Deputy CEC Head: Constitutional Court ruling restricts citizens’ constitutional rights

The Deputy Head of the Central Election Commission Zhanna Usenko-Chorna considers the Constitutional Court [CCU] judgement prohibiting voters abroad from voting in single-majority constituencies to effectively cancel such voters’ right to vote according to majority system constituencies.



She says that a whole range of questions arise regarding the relation between this CCU Judgement and a number of provisions of Ukraine’s Constitution, for example, Article 24 which clearly states that citizens have equal constitutional rights and cannot face restrictions on the basis of their place of residence.

She adds that the Judgement’s compatibility with Article 22 of the Constitution is also questionable.  “According to Article 22 of the Constitution, citizens’ electoral rights are guaranteed and cannot be revoked or restricted. Yet we have a situation where this right has been restricted.”

Ms Usenko-Chorna points out that on all previous occasions when the Verkhovna Rada elections took place with majority constituencies, Ukrainian nationals abroad took part in the voting. This CCU judgement thus places the legitimacy of those elections in question.

She believes that the issue of voting abroad according to majority constituencies needs to be regulated at legislative level.

On Thursday 5 April the Constitutional Court announced its judgement with respect to the article of the Law on the Parliamentary Elections which indicated that in all polling stations outside Ukraine voters would case votes for single-mandate constituencies in Kyiv.  The CCU has now stated that voters abroad may only vote according to party lists.  As reported, in a decision much criticized by the Council of Europe’s Venice Commission and both international and Ukrainian NGOs working for fair elections, the parliamentary elections will take place according to the 50-50 mixed system favoured by the Party of the Regions: This is described in the Venice Commission Opinion as a mixed proportional-plurality (majoritarian) electoral system, where 50 percent of the MPs (National Deputies) are elected through political party lists in a single nationwide constituency and the other half are elected in single mandate constituencies (first past the post, one round).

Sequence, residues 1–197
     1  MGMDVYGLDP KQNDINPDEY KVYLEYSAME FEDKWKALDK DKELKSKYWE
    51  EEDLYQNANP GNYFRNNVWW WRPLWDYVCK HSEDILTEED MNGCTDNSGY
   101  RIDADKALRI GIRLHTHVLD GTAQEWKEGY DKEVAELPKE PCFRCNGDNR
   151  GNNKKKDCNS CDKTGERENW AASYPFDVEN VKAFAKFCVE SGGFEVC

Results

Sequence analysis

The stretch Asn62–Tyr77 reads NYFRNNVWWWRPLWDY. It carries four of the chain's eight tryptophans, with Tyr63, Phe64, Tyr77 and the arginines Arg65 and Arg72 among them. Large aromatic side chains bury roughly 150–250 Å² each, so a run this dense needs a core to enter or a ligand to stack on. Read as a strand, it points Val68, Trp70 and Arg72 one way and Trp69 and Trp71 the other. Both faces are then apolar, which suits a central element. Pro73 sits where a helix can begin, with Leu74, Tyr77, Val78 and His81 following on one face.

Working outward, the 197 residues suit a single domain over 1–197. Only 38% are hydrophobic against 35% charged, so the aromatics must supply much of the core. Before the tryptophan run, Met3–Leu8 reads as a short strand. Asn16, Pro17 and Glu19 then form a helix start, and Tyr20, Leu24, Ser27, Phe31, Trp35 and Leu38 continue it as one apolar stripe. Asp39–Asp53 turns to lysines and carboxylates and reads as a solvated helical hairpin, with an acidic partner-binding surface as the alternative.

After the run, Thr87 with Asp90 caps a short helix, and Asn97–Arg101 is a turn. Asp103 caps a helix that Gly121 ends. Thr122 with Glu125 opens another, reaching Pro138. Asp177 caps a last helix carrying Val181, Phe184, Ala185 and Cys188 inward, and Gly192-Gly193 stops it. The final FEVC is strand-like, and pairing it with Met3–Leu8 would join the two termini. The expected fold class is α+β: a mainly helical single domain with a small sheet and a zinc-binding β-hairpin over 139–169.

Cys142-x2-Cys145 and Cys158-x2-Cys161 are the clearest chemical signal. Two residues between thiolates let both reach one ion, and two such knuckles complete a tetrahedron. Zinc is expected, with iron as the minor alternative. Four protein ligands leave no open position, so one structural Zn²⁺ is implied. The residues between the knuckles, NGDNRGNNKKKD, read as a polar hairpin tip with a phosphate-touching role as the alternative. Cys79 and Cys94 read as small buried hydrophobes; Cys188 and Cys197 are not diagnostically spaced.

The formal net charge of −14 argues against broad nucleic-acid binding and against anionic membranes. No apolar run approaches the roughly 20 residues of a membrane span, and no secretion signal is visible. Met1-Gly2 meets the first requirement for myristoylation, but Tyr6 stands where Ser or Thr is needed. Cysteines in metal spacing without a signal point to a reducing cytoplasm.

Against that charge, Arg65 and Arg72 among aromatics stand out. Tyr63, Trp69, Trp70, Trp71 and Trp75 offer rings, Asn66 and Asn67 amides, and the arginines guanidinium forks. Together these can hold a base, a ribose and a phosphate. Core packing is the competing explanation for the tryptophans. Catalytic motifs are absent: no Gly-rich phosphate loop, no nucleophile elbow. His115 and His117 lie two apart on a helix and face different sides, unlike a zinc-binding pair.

Ms Usenko-Chorna’s comments are reported at


If you find an error on our site, please select the incorrect text and press ctrl-enter.

Join Us

Let's make a great work together!
Support Become a volunteer Complete training

Spelling error report

The following text will be sent to our editors: